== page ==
In marveling at Limbaugh’s attack on college student Sandra Fluke something popped up in my brain. Did I hear that right? Does a year’s supply of birth control pills really cost $1,000? Surely not. Hormonal birth control has now been around for, well, most of my lifetime, and that’s more than enough time for it to have gone generic. A web search reveals that the cost varies a great deal and ranges from $10 to $100 or more a month. What the article did not explicitly explain was why the cost has such a wide variance. There can only be one reason: when the cost of a medicine or procedure is borne by health insurance the consumer loses her motivation to shop by cost. The article says, revealingly,
A 2009 study by the American College of Obstetricians and Gynecologists showed that one-third of women using birth control were more mindful of their contraception because of economic concerns. For women using hormonal methods, 13% reported being worried that they might not be able to pay for it.
Get that? If only 13% worry about the cost, then 77% are not worried about the cost – they have insurance. Now I’m really worried here because I am coming close here to agreement with Rush Limbaugh. OMG! No, not agreement with his misogynistic, crude, uncivil, aggrandizing attack style, but with the basic premise that something is wrong with the idea of the public paying for medical care in a way that does not control medical costs. Limbaugh’s aim is misdirected of course – he should be attacking the system and not Miss Fluke.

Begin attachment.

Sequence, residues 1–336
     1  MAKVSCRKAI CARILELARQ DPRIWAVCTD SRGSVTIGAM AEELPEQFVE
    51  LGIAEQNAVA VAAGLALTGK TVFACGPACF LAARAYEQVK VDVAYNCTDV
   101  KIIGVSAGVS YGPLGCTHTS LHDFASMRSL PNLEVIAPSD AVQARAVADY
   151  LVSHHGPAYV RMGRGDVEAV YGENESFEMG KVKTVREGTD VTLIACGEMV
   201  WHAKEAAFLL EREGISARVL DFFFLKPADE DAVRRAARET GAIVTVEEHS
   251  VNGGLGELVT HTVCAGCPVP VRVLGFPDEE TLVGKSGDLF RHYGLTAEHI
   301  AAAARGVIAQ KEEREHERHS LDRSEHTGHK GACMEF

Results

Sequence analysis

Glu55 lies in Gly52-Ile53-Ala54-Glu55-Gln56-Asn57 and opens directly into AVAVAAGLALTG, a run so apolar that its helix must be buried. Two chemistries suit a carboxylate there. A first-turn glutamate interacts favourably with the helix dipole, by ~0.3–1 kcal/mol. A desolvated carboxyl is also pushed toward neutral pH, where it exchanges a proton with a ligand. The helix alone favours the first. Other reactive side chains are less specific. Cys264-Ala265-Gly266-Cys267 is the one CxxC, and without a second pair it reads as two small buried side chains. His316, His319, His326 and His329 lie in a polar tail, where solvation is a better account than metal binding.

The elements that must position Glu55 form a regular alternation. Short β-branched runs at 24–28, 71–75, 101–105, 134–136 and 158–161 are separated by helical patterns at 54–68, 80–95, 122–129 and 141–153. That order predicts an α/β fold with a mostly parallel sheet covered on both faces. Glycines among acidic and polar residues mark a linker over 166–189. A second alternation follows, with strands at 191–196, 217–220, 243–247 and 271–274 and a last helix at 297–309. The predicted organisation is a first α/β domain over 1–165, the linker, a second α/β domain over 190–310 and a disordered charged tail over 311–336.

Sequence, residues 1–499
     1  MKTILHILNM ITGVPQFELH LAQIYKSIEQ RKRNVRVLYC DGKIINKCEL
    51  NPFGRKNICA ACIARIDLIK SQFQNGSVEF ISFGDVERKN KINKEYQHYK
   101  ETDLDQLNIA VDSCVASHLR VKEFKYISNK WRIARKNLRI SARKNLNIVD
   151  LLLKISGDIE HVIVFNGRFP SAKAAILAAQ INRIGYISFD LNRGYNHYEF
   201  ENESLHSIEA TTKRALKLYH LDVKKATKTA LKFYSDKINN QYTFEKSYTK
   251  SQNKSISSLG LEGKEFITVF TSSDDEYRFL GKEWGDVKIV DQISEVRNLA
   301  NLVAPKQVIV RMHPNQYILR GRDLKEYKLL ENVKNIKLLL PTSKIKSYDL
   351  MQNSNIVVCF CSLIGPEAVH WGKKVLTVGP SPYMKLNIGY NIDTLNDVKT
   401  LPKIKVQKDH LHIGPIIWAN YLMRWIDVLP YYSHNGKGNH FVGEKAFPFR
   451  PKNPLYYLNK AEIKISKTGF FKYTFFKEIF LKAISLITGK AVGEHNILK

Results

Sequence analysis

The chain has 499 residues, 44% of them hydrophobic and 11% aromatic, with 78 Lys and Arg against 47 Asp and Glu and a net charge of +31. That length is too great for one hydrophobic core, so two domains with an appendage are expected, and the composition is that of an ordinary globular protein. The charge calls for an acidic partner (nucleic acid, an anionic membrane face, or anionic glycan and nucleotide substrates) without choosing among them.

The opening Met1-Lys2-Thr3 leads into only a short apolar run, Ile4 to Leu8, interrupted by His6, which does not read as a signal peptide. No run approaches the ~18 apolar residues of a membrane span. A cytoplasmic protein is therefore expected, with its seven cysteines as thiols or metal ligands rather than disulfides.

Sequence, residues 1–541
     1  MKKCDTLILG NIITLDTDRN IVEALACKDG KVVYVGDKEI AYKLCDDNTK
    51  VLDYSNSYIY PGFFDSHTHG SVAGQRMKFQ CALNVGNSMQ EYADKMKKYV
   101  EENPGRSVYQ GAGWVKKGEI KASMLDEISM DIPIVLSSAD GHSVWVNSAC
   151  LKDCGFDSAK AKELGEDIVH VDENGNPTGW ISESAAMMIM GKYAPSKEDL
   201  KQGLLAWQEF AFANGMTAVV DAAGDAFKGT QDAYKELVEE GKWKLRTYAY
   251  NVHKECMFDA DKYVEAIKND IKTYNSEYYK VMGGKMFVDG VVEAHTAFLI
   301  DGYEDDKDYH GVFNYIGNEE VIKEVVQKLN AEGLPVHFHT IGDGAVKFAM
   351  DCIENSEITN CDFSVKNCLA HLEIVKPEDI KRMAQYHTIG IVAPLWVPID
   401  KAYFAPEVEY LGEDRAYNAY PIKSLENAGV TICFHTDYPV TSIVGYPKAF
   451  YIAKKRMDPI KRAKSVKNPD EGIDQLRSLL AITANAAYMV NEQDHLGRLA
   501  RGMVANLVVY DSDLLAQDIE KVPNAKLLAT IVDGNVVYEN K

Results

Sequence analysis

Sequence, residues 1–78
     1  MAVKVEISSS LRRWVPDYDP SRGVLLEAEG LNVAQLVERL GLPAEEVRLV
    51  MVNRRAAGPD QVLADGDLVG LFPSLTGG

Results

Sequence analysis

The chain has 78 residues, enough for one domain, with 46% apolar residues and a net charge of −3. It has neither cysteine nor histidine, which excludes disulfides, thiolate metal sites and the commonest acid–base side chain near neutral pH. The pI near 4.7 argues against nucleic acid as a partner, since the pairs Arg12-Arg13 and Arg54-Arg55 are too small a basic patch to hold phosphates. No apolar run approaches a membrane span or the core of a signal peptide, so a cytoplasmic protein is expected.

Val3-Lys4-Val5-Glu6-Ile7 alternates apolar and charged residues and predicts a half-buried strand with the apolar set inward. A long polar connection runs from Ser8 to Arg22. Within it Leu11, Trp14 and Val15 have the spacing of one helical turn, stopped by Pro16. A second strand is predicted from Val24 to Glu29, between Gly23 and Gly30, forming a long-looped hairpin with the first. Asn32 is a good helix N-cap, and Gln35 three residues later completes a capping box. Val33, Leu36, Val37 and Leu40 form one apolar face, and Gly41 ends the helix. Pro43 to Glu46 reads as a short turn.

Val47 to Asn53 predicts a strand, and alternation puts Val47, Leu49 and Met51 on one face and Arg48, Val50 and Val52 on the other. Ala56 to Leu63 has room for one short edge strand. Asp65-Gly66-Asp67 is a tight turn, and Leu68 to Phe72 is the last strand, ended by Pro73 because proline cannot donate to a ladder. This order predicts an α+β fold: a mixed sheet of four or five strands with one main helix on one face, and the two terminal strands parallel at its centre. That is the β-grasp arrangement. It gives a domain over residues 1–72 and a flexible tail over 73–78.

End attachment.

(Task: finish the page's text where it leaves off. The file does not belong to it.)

I have written about this before of course, but in the birth control issue we have an excellent example of why the country is drowning in healthcare costs. I submit that if hormonal birth control pills were not by prescription but over the counter and out of pocket, the cost would plunge overnight.
There is irony in the rise of this issue at this time. As has been pointed out by the Obama administration, health insurance providers actually come out financially ahead if they facilitate reproductive health. To that view, Wikipedia, as usual, is instructive. It says,
The most significant cost in birth control is the cost of failure to prevent pregnancy. Childbirth is expensive and risky, and raising a child takes a tremendous investment of time, energy and money. For example the average cost of a birth in the US is over $9,000 (cost to health plan, 2007 dollars). The US Department of Agriculture estimates that it costs $196,000 to $393,000 to raise a child from birth to age 17. (Depends on household income, total inflation adjusted estimated expenditure in 2007 dollars). By comparison, in the US, method related costs vary from nothing to about $1,000 for a year or more of reversible contraception.
The thought occurred to me that Limbaugh might have done the nation a favor here by highlighting the inefficiency of the so-called system we have, but I may have to reconsider that. Limbaugh’s obnoxious style has diverted public attention away from the real problem.